Some may argue, what if it’s just a small little café/kitchen, surely just a cheap and nasty? I’d argue against for just the same reasons as a larger establishment needs to consider. In fact the pain at small kitchen/café end can actually be far worse as its normally owner operator, who feels it not an employee on wages/salary. Financial implications (like paying extra labour to wash manually) are felt in their own back pocket…or the poor owner is the one staying back late to wash dishes and wasting their own precious time chasing the service tech up! smaller machine yes, bigger pain for sure!
Armed with all this information, what should you be looking for in your selection of brand and model machine?
Capacity, look at what rates the manufacture suggests the machine can perform to, consider your maximum peak loads then add 25% onto that figure and make sure that the machine meets these numbers. Plates per hour/racks per hour etc.
Energy, what power do you, or can you supply to the machine? Generally all power full machines will require 3 phase supply, lighter duty 15 -30Amps
Brand, is it a larger reputable brand? A quick ‘google’ search will highlight the main popular brands. Check that they have offices in each city.
Service, if in doubt contact the State office of the brand you are considering and ask to speak the ‘service’ department, have a chat with them, ask them about their service and support systems. You won’t get this conversation from cheap unknown internet brands.
Operating systems, how simple is the machine you considering, just remember it WILL breakdown at some point!
Systems, don’t forget if you don’t have sufficient soiled set down sorting space, pre rinsing, clean product space, space for sorting/storing then the best machine in the world won’t be much help!
Now that you have made it this far, click on and open the below link and watch this video to find your perfect dishwasher employee!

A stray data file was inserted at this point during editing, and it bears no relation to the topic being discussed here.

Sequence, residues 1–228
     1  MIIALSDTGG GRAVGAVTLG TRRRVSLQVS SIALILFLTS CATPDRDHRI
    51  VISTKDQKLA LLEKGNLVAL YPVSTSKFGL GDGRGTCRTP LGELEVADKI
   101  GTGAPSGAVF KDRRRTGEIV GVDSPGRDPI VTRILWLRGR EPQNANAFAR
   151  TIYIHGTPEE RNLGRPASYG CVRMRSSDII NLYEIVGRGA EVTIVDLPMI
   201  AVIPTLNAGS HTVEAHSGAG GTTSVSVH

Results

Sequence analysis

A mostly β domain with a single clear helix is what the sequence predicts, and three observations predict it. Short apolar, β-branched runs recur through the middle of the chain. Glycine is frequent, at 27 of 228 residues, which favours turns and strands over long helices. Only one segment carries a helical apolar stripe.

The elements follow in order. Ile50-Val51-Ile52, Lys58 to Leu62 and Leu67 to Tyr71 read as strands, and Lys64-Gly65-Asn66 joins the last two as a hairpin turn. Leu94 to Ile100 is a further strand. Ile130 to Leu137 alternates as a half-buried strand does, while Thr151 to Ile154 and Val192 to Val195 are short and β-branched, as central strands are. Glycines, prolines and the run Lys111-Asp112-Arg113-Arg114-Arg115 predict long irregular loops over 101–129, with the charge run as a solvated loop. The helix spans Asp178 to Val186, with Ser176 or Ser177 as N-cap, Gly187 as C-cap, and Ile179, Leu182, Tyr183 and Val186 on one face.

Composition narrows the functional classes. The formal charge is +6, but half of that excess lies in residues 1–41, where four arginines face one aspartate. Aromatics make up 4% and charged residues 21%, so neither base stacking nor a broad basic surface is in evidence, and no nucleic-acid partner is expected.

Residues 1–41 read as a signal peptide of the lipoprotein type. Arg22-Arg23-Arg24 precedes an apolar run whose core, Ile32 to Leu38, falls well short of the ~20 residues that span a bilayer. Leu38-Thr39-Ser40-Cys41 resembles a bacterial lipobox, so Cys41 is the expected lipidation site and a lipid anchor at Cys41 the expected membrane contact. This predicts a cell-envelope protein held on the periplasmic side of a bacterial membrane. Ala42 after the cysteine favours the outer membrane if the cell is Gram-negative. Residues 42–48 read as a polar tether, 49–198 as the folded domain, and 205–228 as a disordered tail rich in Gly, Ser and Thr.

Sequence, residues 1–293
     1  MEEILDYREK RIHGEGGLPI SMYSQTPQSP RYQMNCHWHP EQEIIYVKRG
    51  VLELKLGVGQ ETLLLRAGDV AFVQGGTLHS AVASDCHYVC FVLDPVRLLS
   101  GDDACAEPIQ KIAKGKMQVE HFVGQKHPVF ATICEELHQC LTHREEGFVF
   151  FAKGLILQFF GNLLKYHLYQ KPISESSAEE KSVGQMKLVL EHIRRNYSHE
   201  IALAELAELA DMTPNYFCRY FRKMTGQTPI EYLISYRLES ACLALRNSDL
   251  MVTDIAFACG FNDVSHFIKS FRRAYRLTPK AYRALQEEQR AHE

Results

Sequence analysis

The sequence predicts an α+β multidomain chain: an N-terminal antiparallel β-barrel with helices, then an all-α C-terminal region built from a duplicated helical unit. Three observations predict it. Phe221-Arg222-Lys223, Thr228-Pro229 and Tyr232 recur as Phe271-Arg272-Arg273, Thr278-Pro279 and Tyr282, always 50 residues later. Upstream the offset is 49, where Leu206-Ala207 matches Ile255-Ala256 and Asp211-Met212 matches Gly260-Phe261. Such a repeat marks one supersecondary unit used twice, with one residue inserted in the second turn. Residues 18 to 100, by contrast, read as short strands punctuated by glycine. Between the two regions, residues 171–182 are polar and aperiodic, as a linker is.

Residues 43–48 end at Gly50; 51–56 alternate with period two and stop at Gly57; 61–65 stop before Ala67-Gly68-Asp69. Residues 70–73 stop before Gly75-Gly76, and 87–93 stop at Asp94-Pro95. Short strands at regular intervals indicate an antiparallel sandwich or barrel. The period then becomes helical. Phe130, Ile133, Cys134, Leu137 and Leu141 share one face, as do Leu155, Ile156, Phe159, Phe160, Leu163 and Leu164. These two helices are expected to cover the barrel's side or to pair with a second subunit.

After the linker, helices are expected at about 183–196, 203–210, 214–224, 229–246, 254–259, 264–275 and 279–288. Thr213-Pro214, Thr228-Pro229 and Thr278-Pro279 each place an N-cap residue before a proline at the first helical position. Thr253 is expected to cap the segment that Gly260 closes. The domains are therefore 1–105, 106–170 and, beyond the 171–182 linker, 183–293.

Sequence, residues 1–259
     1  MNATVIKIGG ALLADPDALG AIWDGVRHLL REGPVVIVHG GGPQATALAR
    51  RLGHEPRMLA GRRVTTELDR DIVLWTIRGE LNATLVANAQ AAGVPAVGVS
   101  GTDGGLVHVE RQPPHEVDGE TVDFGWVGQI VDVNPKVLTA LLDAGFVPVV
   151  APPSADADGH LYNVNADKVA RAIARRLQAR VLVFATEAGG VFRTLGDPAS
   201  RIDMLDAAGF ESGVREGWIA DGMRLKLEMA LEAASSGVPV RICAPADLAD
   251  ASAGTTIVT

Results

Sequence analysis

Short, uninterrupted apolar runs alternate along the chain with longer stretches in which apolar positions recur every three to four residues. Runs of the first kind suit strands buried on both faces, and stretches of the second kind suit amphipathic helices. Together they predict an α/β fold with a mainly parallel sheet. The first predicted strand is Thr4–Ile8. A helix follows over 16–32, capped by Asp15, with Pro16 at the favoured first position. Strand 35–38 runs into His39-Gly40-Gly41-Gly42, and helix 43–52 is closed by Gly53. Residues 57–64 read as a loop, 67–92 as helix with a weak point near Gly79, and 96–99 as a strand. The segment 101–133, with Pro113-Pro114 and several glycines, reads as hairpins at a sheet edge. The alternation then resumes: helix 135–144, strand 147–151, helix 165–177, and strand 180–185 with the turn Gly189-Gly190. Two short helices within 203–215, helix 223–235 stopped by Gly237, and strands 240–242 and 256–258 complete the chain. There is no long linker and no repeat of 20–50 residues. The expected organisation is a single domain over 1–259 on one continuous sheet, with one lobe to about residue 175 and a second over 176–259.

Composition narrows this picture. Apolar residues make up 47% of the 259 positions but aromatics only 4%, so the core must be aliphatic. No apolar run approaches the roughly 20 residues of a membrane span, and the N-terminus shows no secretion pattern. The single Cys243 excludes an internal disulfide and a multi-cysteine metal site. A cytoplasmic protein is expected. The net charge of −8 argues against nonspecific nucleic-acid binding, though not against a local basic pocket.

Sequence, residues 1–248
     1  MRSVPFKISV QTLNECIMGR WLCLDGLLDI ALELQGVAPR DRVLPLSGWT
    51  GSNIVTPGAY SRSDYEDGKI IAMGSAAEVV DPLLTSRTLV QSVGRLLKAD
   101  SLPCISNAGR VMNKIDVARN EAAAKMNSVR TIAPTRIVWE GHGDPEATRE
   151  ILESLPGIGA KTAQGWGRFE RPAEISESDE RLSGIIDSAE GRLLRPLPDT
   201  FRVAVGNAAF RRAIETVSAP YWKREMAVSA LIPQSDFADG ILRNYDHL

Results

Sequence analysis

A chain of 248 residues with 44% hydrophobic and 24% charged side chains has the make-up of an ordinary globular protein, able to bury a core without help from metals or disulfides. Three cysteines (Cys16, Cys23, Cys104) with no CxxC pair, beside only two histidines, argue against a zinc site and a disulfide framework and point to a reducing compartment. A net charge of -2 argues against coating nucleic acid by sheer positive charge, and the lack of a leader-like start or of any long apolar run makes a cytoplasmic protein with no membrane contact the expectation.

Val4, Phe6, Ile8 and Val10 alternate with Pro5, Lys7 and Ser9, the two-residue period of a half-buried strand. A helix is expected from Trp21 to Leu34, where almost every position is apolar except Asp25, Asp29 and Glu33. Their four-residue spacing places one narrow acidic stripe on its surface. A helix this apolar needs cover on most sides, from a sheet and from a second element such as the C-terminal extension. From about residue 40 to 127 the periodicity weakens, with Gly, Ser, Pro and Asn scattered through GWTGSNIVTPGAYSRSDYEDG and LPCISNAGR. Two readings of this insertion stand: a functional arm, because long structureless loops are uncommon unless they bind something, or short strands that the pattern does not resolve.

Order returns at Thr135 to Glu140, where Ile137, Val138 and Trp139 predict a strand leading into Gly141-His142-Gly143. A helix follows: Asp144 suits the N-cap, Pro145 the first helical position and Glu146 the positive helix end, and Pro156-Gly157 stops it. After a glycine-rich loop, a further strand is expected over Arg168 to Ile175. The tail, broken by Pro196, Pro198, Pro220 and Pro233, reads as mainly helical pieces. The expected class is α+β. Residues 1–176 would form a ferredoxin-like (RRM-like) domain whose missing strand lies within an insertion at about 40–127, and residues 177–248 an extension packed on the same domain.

This is in reference to everything except for the machine, especially for larger establishments and facilities, this part is as if not more important than the machine itself!
Is there enough ‘set down’ space for the soiled dishes/utensils?
Is there a proper sort scrape system in place, scrape holes in the set down bench or not? The Location of such and the big one, food waste/disposal machines/systems*.
*A subject to cover in detail another time.
Pre rinse sink or sinks, size, basket rack support frame in the sink or not, built in waste trap into the sink drain, remote drain valve opening device (OHS safety no cutting hands with rogue steak knives in bottom of sink!)
Dishwasher basket storage, plenty of and easy access, either under bench racks, or wall racks. Storage of cleaning equipment and chemicals, clothes brushes, scrubbers all need a home, well draining and on the ‘dirty side’ of the line. As do chemicals for the machine and general washing, a small amount will be required at or near the machine and or sink, again on a well draining rack or shelf, the bulk chemical storage will be located elsewhere in a suitably ventilated room away from food stores and preparation.
Clean racks space, in a small operation this may be as simple as allowance for 2 baskets on the exit side of a DW, not 1.5! It’s amazing how many exit benches even entry that are made that simply do not consider the standard requirements of a DW basket or 2!